IMF countries step up calls to end war in Ukraine, Russia blocks statement


WASHINGTON, Oct 14 (Reuters) – Member countries of the International Monetary Fund on Friday issued a near-unanimous call for Russia to end its war in Ukraine, the chairman of the IMF’s governing board said, calling the dispute main factor fueling inflation and slowing global growth. economy.

But Nadia Calvino, Spain’s economy minister, told a news conference that Russia had again blocked consensus on issuing a joint statement at a meeting of the International Monetary and Financial Committee.

Calvino said the call for an end to the war was louder than at IMF and World Bank meetings in April, as the conflict causes food and energy insecurity, rising prices and risks to stability financial.

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“It’s very clear, just on a human level, on a practical level, on an objective level — Stop the war. Stop the war,” IMF Managing Director Kristalina Georgieva said. “It’s the easiest way to get the world economy back in better shape. Stop the war.”

Georgieva’s sentiments were echoed by US Treasury Secretary Janet Yellen, who told a separate press conference that when thinking about economic responses, “obviously what’s most important is, and everyone agrees that Russia should stop its war against Ukraine”.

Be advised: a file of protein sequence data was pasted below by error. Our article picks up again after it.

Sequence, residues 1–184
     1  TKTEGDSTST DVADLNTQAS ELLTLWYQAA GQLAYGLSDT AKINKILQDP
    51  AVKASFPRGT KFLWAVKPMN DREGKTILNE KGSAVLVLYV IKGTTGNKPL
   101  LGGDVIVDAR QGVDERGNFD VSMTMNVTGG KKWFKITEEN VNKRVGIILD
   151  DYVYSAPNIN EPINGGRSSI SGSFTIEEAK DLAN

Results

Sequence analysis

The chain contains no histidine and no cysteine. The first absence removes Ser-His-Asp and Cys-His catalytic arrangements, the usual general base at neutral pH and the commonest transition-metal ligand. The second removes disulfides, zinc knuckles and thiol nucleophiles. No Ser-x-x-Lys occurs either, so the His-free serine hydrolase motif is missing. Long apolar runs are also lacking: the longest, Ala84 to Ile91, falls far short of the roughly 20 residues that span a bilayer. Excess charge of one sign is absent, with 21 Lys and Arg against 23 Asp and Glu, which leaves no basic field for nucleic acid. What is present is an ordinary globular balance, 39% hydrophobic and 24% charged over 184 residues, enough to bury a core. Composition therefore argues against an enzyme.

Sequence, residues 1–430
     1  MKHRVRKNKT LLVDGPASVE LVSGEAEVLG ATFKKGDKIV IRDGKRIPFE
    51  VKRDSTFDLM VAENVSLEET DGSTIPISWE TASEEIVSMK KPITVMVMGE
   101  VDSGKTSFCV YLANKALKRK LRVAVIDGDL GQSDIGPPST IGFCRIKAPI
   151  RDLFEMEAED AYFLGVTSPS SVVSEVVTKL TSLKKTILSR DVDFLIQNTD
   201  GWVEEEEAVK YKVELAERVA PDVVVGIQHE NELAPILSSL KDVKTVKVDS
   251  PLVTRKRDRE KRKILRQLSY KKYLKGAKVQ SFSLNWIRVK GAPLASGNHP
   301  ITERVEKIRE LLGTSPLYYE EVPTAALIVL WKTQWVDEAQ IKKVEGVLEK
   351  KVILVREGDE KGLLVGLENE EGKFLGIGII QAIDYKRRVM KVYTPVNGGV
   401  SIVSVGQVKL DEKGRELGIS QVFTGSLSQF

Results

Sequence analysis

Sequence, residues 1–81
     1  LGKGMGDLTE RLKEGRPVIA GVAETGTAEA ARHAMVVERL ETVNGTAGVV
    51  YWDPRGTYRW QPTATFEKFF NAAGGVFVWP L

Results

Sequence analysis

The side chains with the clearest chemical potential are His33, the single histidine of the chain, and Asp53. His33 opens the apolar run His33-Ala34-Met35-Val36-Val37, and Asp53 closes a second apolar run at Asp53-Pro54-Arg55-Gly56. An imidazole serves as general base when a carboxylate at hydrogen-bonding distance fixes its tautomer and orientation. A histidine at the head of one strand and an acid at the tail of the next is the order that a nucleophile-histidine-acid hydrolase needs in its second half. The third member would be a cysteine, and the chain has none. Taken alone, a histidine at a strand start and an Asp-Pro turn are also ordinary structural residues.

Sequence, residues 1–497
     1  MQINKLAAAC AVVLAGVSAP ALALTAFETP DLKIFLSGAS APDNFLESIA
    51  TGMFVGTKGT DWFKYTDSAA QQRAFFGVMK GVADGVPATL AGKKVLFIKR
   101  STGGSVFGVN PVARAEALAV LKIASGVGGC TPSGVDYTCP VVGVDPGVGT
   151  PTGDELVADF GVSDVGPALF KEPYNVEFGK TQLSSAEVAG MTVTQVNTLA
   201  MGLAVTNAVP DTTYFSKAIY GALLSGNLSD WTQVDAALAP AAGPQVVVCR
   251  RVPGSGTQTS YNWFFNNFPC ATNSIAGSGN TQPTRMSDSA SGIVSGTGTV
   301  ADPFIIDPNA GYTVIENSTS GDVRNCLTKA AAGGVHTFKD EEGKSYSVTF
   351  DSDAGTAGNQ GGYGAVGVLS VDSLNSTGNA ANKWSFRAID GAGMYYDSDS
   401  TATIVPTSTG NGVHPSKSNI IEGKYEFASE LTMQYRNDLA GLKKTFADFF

Russia’s opposition to such calls forced the IMF’s governing board to issue a statement from the president, Calvino said, adding that it reflected strong agreement on many economic issues.

The statement called on central banks to strive for price stability, while fiscal policy should prioritize protecting vulnerable groups from rising living costs.

“We will ensure consistency in overall monetary and fiscal stance, with due regard to the complementary role of structural policies in easing trade-offs,” the statement said, echoing IMF advice to Britain and others. countries to prevent monetary and fiscal policies from working against each other.

On currencies, the statement acknowledges the pressures created by the strength of the US dollar.

“Recognizing that many currencies have moved significantly this year with increased volatility, we reaffirm our exchange rate commitments, as made in April 2021,” the IMFC statement read.

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Reporting by David Lawder and Andrea Shalal; edited by Jonathan Oatis and Chris Reese

Our standards: The Thomson Reuters Trust Principles.


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